Sequoyah at Work: Creating the Cherokee Syllabary

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Sequoyah and his Syllabary

Sequoyah began working as a silversmith in Willstown, Alabama in 1809. Due to the quality of his work, he soon earned a reputation as a master of his craft. Having a limited knowledge of English, Sequoyah created a unique code system for his business records.

With symbols representing products and customers, Sequoyah’s code became cumbersome as his business grew. Noticing how his white customers made “marks” on paper, (“leaves”) Sequoyah began to experiment with similar marks.

For years, he had signed his products with a symbol representing his English name—George Gist. However, Sequoyah wanted to make Cherokee a written language so he would be able to maintain his own records in his mother tongue. As his workspace was already crowded with the materials of his trade, it became necessary for Sequoyah to construct a new workhouse—to allow him privacy in this endeavor.

Skepticism and Suspicion

While any writer can recognize the need for privacy, the fact that Sequoyah sequestered himself soon became a source of concern for his friends and family. His closest associates did not understand the need have a written language.

As his work consumed him, Sequoyah’s wife began to suspect that he was either involved in witchcraft or insane. While his business began to endure the strains of his frequent absences, Sequoyah remained dedicated to his task.

This does not mean that he withdrew totally. In fact, he participated in the Creek War. War Department records have his name listed among the recruits for the Cherokee regiment that supported the United States in its campaign against the Red Stick Creek. Noticing how the white solders would write letters to their family members, Sequoyah soon realized that a written language would benefit his people.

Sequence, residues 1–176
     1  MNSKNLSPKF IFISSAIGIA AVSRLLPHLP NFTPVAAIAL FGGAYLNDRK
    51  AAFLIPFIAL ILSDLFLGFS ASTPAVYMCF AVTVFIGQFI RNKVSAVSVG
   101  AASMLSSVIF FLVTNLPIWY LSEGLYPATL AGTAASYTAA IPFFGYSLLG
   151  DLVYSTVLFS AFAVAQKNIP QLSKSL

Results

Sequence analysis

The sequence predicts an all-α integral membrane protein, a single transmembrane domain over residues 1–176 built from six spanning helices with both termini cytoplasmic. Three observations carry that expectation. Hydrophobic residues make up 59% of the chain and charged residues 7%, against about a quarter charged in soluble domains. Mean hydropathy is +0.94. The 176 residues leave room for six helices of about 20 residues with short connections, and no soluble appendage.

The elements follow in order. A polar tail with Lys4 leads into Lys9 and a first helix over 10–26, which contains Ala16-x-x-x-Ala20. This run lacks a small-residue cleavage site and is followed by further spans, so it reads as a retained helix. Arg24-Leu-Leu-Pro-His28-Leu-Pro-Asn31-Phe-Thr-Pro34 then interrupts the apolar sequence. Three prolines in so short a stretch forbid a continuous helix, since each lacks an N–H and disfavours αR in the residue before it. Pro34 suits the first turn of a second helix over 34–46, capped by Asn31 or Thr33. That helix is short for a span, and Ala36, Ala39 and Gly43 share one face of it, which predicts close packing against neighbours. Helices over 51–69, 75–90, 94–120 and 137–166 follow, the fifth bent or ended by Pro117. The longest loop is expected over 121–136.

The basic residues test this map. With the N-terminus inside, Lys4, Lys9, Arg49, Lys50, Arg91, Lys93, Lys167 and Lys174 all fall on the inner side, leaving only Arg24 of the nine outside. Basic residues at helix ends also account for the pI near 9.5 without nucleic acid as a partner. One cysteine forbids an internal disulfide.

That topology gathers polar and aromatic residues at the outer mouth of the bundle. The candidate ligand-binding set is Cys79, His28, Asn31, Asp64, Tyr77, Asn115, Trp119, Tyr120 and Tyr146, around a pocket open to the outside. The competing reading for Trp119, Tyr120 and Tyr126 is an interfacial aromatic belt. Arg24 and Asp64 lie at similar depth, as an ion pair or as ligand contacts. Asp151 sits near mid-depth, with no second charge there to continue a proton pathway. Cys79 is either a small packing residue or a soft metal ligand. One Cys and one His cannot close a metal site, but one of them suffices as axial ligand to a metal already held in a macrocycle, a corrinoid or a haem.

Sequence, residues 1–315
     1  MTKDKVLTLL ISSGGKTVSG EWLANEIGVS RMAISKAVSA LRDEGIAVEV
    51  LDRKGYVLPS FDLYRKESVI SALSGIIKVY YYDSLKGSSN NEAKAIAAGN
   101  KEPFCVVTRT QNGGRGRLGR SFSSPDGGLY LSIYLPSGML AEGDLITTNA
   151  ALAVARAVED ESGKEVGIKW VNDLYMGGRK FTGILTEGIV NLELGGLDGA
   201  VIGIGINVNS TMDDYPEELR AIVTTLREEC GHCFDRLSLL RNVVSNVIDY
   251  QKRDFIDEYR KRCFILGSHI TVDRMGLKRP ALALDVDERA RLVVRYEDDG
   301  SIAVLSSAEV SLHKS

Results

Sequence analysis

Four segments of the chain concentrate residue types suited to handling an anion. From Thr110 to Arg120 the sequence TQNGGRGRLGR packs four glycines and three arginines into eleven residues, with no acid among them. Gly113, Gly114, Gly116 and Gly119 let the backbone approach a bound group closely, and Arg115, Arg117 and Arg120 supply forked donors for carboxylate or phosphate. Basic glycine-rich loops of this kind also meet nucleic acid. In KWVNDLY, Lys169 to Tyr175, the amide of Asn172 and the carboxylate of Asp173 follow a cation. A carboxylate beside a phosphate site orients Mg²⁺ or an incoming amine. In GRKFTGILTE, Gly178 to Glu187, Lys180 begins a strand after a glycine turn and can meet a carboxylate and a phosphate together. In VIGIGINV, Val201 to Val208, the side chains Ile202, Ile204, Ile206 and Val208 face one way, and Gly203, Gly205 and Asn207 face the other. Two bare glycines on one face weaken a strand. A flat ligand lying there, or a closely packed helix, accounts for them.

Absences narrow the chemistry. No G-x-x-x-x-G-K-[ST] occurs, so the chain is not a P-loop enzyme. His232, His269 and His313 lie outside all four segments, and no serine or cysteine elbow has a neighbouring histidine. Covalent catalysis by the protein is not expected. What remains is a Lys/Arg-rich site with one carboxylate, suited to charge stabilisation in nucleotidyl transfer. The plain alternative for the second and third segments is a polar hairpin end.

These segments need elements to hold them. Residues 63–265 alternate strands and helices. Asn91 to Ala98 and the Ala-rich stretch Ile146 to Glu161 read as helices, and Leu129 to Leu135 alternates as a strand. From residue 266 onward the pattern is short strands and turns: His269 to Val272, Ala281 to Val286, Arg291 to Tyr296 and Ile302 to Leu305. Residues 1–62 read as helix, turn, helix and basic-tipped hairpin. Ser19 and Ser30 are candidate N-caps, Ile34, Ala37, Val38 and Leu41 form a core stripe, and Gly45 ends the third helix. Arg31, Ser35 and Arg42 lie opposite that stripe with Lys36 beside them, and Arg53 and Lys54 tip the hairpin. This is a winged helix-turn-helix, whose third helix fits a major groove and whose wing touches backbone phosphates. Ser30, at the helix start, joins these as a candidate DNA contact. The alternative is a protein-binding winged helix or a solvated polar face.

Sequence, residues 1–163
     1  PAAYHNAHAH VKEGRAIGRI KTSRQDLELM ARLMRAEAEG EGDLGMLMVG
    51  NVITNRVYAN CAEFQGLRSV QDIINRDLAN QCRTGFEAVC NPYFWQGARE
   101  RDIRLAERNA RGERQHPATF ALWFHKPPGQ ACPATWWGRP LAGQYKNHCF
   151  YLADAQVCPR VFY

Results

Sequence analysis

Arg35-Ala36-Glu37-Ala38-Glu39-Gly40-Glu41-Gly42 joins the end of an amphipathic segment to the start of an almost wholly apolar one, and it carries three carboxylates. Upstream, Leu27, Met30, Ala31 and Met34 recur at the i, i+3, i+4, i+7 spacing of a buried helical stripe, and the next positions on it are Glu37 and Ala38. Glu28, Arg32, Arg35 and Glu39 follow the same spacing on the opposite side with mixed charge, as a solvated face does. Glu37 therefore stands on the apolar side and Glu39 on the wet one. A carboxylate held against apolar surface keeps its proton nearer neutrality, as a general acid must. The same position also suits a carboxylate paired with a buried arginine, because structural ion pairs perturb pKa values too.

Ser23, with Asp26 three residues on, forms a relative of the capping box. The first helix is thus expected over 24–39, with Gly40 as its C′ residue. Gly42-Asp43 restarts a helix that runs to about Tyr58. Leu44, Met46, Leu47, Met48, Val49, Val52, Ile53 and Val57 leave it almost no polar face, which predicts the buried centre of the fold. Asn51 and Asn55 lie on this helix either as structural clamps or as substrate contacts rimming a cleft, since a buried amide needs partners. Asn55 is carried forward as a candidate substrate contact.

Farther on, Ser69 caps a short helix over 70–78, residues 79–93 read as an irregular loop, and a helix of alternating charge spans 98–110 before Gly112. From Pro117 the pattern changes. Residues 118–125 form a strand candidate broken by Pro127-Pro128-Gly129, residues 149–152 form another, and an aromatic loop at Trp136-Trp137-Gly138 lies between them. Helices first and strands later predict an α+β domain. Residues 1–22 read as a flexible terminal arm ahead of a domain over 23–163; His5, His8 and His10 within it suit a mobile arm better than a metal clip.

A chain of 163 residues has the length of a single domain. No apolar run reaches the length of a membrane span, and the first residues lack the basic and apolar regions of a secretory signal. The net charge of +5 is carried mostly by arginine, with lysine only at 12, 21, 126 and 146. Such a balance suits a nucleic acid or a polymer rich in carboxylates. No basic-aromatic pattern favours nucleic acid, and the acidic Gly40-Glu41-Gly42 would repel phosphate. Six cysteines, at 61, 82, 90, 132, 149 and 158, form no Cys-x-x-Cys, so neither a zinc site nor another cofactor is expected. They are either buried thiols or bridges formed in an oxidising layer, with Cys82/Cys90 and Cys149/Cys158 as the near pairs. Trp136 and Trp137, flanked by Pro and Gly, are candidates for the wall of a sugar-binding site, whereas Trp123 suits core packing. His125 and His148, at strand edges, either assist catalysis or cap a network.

Trial and Error

At first, Sequoyah simply assigned characters to represent individual Cherokee letters. This resulted in an impossibly large alphabet. Sequoyah soon realized that it would be easier to break up the individual syllables of his native tongue and assign special characters to represent them.

The result was a syllabary; a system in which an individual character represents an entire syllable. This was a massive undertaking, even for a skilled craftsman such as Sequoyah. It would be nearly twelve years before he would complete his project. As a template, Sequoyah used an educational tool originally designed to teach children the English alphabet. Instead of the 26 letters used in the English alphabet, he developed an 84 character syllabary to represent the sounds of the Cherokee language.

The Completed Syllabary

The finished syllabary was written is Sequoyah’s own hand; a beautifully scripted series of characters that were unique. When matched with their corresponding syllables, these characters allowed the Cherokee language to have a new form of expression—the written word.

Some have claimed that Sequoyah borrowed heavily from the English, Greek, and Latin alphabets. This is not true. In fact, Sequoyah’s handwritten syllabary is quite different than the one that was eventually produced and distributed. This was the result of artistic license on the part of the printer and not the author.

After completing his project in 1821, Sequoyah subsequently dedicated himself to introducing the written form of the Cherokee language to his people. This would prove to be just as much an adventure as creating the syallabry in the first place.

Sources:

  1. Mark C. Carnes, Ed., U.S. History. (New York: Macmillan Library Reference, 1996).
  2. John Ehle. Trail of Tears: The Rise and Fall of the Cherokee Nation. (New York: Anchor Books, 1989).
  3. Michael Garrett. Walking on the Wind. (Rochester:Bear and Company Publishing, 1998).
  4. Ruth Bradley Holmes and Betty Sharp Smith. Beginning Cherokee. (Norman; University of Oklahoma Press, 1977).
  5. David M Jones and Brian L Molyneaux. Mythology of the American Nations. (London: Anness Publishing, 2006).
  6. Peter Matthiessen, Ed., George Catlin: North American Indians. (New York: Penguin Books, 1989).
  7. James M. McPherson. “To the Best of My Ability: The American Presidents. (London: Dorling Kindersley, 2000).
  8. Marilyn Miller, Ed., The American History Desk Reference. (New York: MacMillan, 1997).
  9. Carl Waldman, The North American Indian. (New York: Checkmark Books, 2000.)
  10. Carl Waldman, Encyclopedia of Native American Tribes. (New York: Checkmark Books, 2006).
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